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Well I know you're not paranoid. And I know that, deep inside, you don't really think Vanguard is a Ponzi scheme. Otherwise you would have moved your money to safer grounds (mattress, coin jar, gold bullions buried in the backyard, etc...).
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Old 12-30-2008, 11:22 AM   #26
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Ya, I don't really think Vanguard is a Ponzi scheme. The latest scandals are making me think about my investments and the stock market in general though. I'm starting to think, maybe I should add one more tangeable security to my portfolio. "LAND" If the market/property values tank, at least I could grow/raise food.

MY current conservative investments thus far have been:

Paid off house,
300k in CD's
200k in Vanguard IRA/401k Lifecycle

And my future coin will buy property and maxed out 401k. Land, not rentals. I don't like people enough to deal with rentors.
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Old 12-30-2008, 11:30 AM   #27
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"LAND" If the market/property values tank, at least I could grow/raise food.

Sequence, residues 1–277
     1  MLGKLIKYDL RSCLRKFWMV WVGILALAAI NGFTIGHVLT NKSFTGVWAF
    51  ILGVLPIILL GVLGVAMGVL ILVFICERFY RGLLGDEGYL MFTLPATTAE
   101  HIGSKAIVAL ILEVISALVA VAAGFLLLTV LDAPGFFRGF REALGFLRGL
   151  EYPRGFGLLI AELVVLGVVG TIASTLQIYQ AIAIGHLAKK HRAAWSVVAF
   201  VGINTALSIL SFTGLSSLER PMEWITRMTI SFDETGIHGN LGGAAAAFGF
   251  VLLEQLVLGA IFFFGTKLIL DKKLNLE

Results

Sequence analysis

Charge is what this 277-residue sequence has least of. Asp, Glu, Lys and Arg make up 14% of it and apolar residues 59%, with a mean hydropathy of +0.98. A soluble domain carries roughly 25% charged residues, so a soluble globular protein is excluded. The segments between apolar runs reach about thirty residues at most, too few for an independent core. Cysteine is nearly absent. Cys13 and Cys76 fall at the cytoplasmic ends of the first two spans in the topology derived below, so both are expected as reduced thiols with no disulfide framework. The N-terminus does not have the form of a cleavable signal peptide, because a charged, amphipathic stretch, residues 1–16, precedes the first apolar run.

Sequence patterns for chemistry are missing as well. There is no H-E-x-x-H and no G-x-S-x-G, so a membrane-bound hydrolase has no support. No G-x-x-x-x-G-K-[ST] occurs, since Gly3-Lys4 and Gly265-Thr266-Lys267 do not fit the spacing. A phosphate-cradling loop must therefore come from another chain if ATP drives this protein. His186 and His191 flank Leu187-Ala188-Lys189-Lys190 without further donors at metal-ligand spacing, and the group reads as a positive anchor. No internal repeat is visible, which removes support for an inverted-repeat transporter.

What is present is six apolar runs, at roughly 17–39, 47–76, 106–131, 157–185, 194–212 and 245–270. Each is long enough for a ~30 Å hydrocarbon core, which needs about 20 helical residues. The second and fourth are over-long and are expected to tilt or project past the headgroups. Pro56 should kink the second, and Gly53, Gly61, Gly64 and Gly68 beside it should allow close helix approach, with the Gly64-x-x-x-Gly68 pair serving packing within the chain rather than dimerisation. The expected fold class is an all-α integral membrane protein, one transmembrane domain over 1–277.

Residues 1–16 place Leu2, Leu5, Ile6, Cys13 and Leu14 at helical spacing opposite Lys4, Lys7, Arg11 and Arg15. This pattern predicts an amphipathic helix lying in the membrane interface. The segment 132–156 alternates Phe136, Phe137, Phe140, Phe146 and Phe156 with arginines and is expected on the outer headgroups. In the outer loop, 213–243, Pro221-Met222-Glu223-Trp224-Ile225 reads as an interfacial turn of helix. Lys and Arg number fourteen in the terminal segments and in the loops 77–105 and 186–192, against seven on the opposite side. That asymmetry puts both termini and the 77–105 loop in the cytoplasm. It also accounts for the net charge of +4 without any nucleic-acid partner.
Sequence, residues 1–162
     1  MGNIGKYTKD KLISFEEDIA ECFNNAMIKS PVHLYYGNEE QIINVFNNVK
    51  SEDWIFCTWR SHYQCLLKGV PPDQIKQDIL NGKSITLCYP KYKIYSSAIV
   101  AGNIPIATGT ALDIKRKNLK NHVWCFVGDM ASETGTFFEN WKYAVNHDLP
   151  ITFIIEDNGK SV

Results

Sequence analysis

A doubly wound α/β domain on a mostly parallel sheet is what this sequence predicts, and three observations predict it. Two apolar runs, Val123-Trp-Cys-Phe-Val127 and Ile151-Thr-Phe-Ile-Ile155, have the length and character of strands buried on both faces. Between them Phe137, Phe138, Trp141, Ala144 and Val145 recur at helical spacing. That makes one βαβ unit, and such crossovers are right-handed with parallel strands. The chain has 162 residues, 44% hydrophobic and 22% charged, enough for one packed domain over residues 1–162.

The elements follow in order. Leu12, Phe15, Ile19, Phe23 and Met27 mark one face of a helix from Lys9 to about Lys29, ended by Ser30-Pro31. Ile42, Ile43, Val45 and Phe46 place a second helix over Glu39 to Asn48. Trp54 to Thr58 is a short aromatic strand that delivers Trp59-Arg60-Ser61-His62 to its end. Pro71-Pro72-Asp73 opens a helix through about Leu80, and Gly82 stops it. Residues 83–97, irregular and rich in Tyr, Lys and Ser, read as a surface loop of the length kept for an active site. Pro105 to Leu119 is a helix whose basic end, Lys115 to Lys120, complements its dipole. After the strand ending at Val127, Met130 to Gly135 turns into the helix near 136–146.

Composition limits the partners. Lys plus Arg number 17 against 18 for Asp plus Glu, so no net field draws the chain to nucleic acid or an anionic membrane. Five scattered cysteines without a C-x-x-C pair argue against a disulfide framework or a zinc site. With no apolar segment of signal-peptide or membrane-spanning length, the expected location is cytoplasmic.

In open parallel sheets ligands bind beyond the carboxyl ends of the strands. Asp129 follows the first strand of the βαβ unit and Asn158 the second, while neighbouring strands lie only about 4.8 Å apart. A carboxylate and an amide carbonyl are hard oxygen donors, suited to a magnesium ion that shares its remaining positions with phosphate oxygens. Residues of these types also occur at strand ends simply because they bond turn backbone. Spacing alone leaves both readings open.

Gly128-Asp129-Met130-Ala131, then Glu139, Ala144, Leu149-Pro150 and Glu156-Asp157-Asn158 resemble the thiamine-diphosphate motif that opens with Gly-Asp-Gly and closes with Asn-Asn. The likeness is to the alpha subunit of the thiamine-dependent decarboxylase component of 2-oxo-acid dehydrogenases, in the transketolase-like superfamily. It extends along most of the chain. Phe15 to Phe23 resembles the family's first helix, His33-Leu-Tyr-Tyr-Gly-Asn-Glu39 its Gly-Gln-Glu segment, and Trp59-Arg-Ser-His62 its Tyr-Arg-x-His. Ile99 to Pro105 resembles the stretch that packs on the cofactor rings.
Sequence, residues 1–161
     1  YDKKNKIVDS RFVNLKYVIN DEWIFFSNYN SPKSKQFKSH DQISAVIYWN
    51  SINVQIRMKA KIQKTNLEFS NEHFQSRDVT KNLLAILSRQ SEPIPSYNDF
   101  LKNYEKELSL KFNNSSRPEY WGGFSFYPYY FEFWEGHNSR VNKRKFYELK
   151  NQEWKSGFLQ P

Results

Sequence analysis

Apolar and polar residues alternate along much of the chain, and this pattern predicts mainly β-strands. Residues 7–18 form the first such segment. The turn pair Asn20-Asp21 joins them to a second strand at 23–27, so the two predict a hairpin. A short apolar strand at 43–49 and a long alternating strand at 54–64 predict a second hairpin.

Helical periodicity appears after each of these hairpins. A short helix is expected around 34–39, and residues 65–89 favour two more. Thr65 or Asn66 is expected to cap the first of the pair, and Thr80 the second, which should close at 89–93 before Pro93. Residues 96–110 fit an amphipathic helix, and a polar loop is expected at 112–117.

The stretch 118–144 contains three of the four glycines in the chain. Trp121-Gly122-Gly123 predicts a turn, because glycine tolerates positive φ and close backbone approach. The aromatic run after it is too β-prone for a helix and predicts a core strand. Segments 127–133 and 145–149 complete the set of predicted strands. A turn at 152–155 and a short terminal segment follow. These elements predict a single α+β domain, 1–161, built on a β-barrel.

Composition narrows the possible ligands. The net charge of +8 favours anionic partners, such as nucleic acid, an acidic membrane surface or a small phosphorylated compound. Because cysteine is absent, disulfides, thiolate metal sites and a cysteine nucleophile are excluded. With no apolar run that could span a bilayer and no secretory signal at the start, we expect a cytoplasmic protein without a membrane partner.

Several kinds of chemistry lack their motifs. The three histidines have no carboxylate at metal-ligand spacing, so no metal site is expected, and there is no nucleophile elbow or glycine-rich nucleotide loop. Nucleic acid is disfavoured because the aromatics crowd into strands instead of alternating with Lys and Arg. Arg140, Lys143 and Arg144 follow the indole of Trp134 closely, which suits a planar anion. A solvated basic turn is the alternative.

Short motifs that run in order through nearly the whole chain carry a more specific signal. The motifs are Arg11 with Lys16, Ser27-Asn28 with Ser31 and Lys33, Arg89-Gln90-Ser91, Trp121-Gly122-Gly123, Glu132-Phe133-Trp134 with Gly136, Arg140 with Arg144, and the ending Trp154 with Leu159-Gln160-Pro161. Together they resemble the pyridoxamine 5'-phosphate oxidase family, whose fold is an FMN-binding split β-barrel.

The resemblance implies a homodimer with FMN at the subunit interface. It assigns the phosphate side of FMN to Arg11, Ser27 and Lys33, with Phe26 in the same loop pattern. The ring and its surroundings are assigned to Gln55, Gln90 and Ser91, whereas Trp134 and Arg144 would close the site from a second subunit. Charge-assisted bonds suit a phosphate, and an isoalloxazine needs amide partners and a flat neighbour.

Only real problem with raw land in my mind is the expense of property taxes, come hell or high water. Maybe RE tax rates are low enough in your area that it isn't a problem, but definately something to consider.
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Old 12-30-2008, 12:05 PM   #28
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Ya, I don't really think Vanguard is a Ponzi scheme. The latest scandals are making me think about my investments and the stock market in general though. I'm starting to think, maybe I should add one more tangeable security to my portfolio. "LAND" If the market/property values tank, at least I could grow/raise food.